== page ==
Majestic, oft-snow-covered peaks surround McLeod Lake

Inyo National Forest: McLeod Lake Loop 
less than 2 miles – 1025 ft.

The Mammoth high country in the Eastern Sierras (just to the east of Yosemite) offers great camping and hiking away from the national park crowds. This easy hike southwest of the winter ski town of Mammoth Lakes gives you a taste of what the high Sierras have to offer – pristine lakes, amazing oft-snowcapped mountain peaks and jagged rock outcroppings. The hike starts where Route 203/Lake Mary Road ends at Horseshoe Lake in the Inyo National Forest. You’ll ascend through a ghostly forest of white, barren trees killed by carbon dioxide emanating from the earth beneath into the subalpine forest to your destination of McLeod Lake. After spending some time at the lake with the local dog owners and their very happy canines, you’ll climb a little higher before descending back to the parking lot.

This is a high elevation hike, starting at just under 9,000 feet and climbing to just over 9,300 feet at your highest point so snow is a very distinct possibility in the shoulder seasons. The trails and roads in this region generally open Memorial Day weekend, but depending on the snow and possible winter damage the actual date may vary greatly. Be sure to check the official national forest Web site for up-to-date information before hitting the trail.

Distance 1.4 miles, plus hiking at lake | Time 1 hour
Elev. Gain 1025 ft. | Elev. Loss 1020 ft.
Difficulty Easy [?] | Parking Easy [?]
Trail Signage Good | Bathrooms At trail start

The Route

Mammoth Pass Trail » Trail to McLeod Lake » McLeod Lake » Mammoth Pass trail connector » Mammoth Pass Trail

Download file: MCLEODtch 09-JUN-12 03.12.36 PM.gpx.

Trail Maps

The Route In Detail:

1. Park at the Horseshoe Lake parking area.

2. Follow the signs for the Mammoth Pass Trail that ascends through the barren forest beside the parking lot bathrooms.

3. At the first junction, follow the signs to McLeod Lake to the left. This trail is unnamed on all the maps that I have, but the sign is clearly labelled as “McLeod Lake.”

4. Continue on the trail until you come to McLeod Lake itself in front of you. The GPS track shows coming to the lake, walking around it part way before returning back to the trail. You can, if you want, walk the full circumference of the lake.

5. Go back to where you first saw McLeod lake in front of you and you’ll see a trail junction. Follow the sign for “Mammoth Pass” and “Reds Meadow” uphill. This connector trail will take you to the Mammoth Pass Trail.

6. At the first intersection, take a right on Mammoth Pass Trail. Note that the trail sign is slightly confusing; it shows Mammoth Pass Trail to your left and Mammoth Mountain and Bottomles [siq] Pit straight ahead, but doesn’t say anything about Mammoth Pass Trail to the right although the trail clearly goes both directions. [Photo of the trail sign]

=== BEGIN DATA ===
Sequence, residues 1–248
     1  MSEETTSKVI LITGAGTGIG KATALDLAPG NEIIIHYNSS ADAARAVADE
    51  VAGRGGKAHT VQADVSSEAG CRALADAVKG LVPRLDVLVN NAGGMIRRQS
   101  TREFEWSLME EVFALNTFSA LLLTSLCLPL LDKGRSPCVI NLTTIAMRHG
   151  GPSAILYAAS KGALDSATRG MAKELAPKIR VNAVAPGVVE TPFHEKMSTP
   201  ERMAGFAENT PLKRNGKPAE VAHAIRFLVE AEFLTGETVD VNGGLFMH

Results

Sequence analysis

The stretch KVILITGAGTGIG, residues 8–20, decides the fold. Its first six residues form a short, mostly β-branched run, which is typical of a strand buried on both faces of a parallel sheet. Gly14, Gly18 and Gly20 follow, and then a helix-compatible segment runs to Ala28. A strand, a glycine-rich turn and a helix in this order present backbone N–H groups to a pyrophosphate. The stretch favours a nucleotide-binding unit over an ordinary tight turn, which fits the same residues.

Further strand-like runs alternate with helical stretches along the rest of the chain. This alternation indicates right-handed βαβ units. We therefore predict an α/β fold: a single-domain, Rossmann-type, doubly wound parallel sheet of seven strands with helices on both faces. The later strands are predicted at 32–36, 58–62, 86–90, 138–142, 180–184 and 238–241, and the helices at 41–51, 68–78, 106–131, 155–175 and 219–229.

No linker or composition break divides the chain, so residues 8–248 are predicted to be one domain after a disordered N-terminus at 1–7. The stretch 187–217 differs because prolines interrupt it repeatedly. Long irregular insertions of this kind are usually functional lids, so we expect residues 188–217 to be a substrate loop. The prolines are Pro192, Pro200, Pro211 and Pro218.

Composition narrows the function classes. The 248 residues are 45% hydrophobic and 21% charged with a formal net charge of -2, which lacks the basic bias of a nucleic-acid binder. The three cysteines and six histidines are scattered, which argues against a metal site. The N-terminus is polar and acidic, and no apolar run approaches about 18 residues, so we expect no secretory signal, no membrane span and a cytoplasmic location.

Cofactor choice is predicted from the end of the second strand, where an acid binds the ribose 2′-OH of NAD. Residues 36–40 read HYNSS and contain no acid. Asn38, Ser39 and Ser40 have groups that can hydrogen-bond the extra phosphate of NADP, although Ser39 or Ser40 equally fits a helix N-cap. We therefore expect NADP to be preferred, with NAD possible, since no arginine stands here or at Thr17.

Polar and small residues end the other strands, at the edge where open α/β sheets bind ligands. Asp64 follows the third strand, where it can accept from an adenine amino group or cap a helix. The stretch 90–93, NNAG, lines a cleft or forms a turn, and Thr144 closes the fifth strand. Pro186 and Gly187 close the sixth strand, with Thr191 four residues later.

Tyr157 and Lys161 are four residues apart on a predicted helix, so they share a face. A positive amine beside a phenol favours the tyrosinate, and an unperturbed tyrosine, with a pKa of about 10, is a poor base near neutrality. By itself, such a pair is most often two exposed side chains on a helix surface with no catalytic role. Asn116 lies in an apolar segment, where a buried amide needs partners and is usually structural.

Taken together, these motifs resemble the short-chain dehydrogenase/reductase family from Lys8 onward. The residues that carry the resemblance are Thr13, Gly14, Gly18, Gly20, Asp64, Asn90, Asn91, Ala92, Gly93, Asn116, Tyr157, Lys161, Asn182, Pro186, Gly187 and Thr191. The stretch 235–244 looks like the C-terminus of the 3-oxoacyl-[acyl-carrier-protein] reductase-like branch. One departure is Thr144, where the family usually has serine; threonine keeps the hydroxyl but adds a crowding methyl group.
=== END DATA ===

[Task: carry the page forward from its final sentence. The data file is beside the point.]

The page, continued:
7. Continue downhill to the parking lot.


Trail Notes & Tips


This hike does involve some uphill hiking at elevations above 9,000 feet. Having said that, I’d still consider it easy at such a short distance. Take your time; altitude can make you more winded than normal.

Alternative longer and shorter hikes

There are a lot of trails in this region and if you have a good trail map, like this one from Bored Feet Press, you can come up with many different hike combinations in the area. Here are just two alternatives to extend or shorten the hike.

Option 1: Longer version

An easy extension for this hike is to walk the full circumference of McLeod Lake and also add a hike around Horseshoe Lake near the trailhead.

Option 2: Shorter version

If you are looking for a really short hike, making this an out-and-back to McLeod Lake instead of a loop hike will cut the mileage down to a mere 1.2 miles roundtrip.

Trail tip: Know the signs for altitude sickness

Until you acclimate to high altitudes you may find that you feel more out of breath than usual while hiking at elevation and need to move a little slower than normal as your body is getting less oxygen in the air than it is used to. You may also get a mild headache. This is a pretty normal experience for flatlanders who visit high elevation destinations. Having said that, acute mountain sickness (often referred to simply as altitude sickness) can be more serious and even life-threatening. According to the U.S. National Library of Medicine’s PubMed Health database, “Acute mountain sickness is an illness that can affect mountain climbers, hikers, skiers, or travelers at high altitude (typically above 8,000 feet or 2,400 meters)… Symptoms range from mild to life-threatening, and can affect the nervous system, lungs, muscles, and heart.”

Before heading to a high altitude destination, you should know the symptoms and what to do when you experience them. Learn more here.

Getting There


Here is the Google Map to the trailhead parking

From Mammoth Lakes
  • Take Route 203 west to Lake Mary Road (it changes names within the town of Mammoth Lakes)
  • Follow Lake Mary Road until it dead-ends at the Horseshoe Lake parking lot


There is a large parking lot at Horseshoe Lake where Route 203/Lake Mary Road comes to an end.